If your online presence is experiencing growth, you're likely to encounter occasional traffic spikes. The flexibility of a headless CMS allows it to handle these fluctuations, ensuring your website remains responsive and reliable, even during high-traffic periods. Moreover, as your content library expands, transitioning from a few hundred pieces of content to thousands or more, a headless CMS can effortlessly accommodate this growth without operational hitches.
If your business is expanding globally, latency can be a concern. Many headless CMS solutions utilize CDNs that ensure content is delivered quickly, no matter where the audience is.
Consider a change if you aim to offer your audience more personalized content based on their preferences or behaviours. A headless CMS could be the answer you're looking for.
With features like audience segmentation, you can effortlessly create content for different groups without diving deep into backend changes. Moreover, dynamic content rendering can allow you to present content in varied ways, depending on how users interact with your site.
A headless CMS may be suitable if you consider using a microservices architecture for content. In microservices, one service's issue doesn't affect the whole system. Similarly, a headless CMS offers consistent uptime and reliability because it's decoupled.
You can change one part without impacting others, making updates faster and safer. You can also allow different parts of the system to utilize the technology that suits them best. Finally, you can scale isolated sections, saving you money in the long term.
Ideally, these cloud-based headless CMS platforms would work on a pay-as-you-go model – something Webiny does exclusively. This means you only pay for the resources you use. With less infrastructure involved, you don't necessarily need specialized hosting, which can also lead to lower development costs.
Furthermore, because the backend is separate from the front end, any updates, patches, or changes become simpler and might not need to happen as often, saving you more money.
With a headless CMS, you can efficiently deliver consistent content across various platforms and channels. This means you don't have to recreate or reformat content every time. You maintain one version, which helps reduce mistakes and inconsistencies during updates or revisions. This cuts down on extra work for content teams, as there's no need to produce the same content multiple times for different outputs. It's a time-saver and ensures consistency.
A headless CMS might be the right move for your company if you're targeting a global audience.
Many headless CMS solutions integrate well with CDNs, which helps to deliver content rapidly irrespective of user location. With a headless system, you can adjust content for different regions without changing the setup. Moreover, many headless CMSs have built-in multilingual support and tools to address regional nuances.
Since the front end is separated from the back end, vulnerabilities in one don't necessarily compromise the other. Content access and modifications occur through APIs, providing tighter control over who or what can modify or access content.
Many headless CMS platforms are cloud-based and frequently receive security updates. A significant reason for the enhanced security of a headless CMS is that the backend, where content is stored and managed, isn't directly exposed to the public internet, reducing potential attacks.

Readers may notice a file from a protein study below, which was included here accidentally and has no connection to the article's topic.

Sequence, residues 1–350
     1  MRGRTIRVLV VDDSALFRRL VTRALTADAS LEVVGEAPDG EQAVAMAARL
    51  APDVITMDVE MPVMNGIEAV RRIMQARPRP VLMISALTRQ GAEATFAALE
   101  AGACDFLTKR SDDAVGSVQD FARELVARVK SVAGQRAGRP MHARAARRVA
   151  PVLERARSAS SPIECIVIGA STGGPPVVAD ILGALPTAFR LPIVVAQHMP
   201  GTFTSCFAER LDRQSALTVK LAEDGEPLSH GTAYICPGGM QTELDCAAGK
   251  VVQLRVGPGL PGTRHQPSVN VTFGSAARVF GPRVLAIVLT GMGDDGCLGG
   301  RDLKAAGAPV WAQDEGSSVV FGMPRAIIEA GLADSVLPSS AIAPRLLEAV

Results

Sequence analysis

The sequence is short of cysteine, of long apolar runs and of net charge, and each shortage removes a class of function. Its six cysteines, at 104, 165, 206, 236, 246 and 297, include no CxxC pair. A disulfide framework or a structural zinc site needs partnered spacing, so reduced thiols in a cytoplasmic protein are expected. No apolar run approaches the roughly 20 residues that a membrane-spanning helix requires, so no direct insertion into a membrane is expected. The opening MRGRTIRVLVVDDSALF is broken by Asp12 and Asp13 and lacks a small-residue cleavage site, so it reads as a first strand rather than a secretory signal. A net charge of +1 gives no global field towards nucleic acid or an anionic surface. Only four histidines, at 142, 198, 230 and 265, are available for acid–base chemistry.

Front-end developers can work on the user interface, while back-end developers focus on content structures and integrations. This parallel approach means that even if the front end isn't ready, content teams can still draft, review, and get approvals, speeding up content readiness.
Developers and content creators can also set up modular content components, which helps to assemble new pages or layouts faster. Plus, with features like real-time editing, comments, and versioning commonly found in many headless CMS platforms, collaboration between teams becomes more effective.
If you're steering your enterprise business toward a headless CMS, it's crucial to pick a platform that aligns with current needs and future scalability. Webiny offers precisely that and more.
Webiny stands out for several reasons. First, it promises a unified development experience, making it easier for developers to collaborate and innovate. This is further supported by pre-configured integrations, simplifying the onboarding process and reducing project launch times.
Importantly, Webiny's ready-made serverless architecture ensures that as your website traffic grows, the platform can handle the increased load without any downtime. This is a significant advantage for businesses looking to scale quickly, as it reduces the technical challenges often associated with growth.
Furthermore, with Webiny, users can define content structures through a UI, GraphQL API, or directly in the code. The platform's built-in page builder, form builder, and file manager offer a comprehensive suite for content management.
Above all, Webiny's multi-tenant architecture supports multiple sites or applications within one instance, drastically cutting down management overheads.
To find out more about Webiny, get in touch today.
The shift to a headless CMS is not just a trend but a strategic move for businesses looking to stay ahead of the competition.
The signs we've discussed emphasize the benefits and flexibility of adopting such a system, from developer freedom and content reusability to global content delivery and streamlined workflows. Making the right choice for your business is essential, and this involves picking a platform that aligns with your current and anticipated needs.
Webiny stands out as a top-tier headless CMS solution created for modern enterprise businesses. Webiny provides businesses with complete control over their data and offers unparalleled customizability and scalability benefits.
So, whether you're a small business or a large enterprise anticipating massive growth, Webiny is ready to support and grow with you. Get in touch today.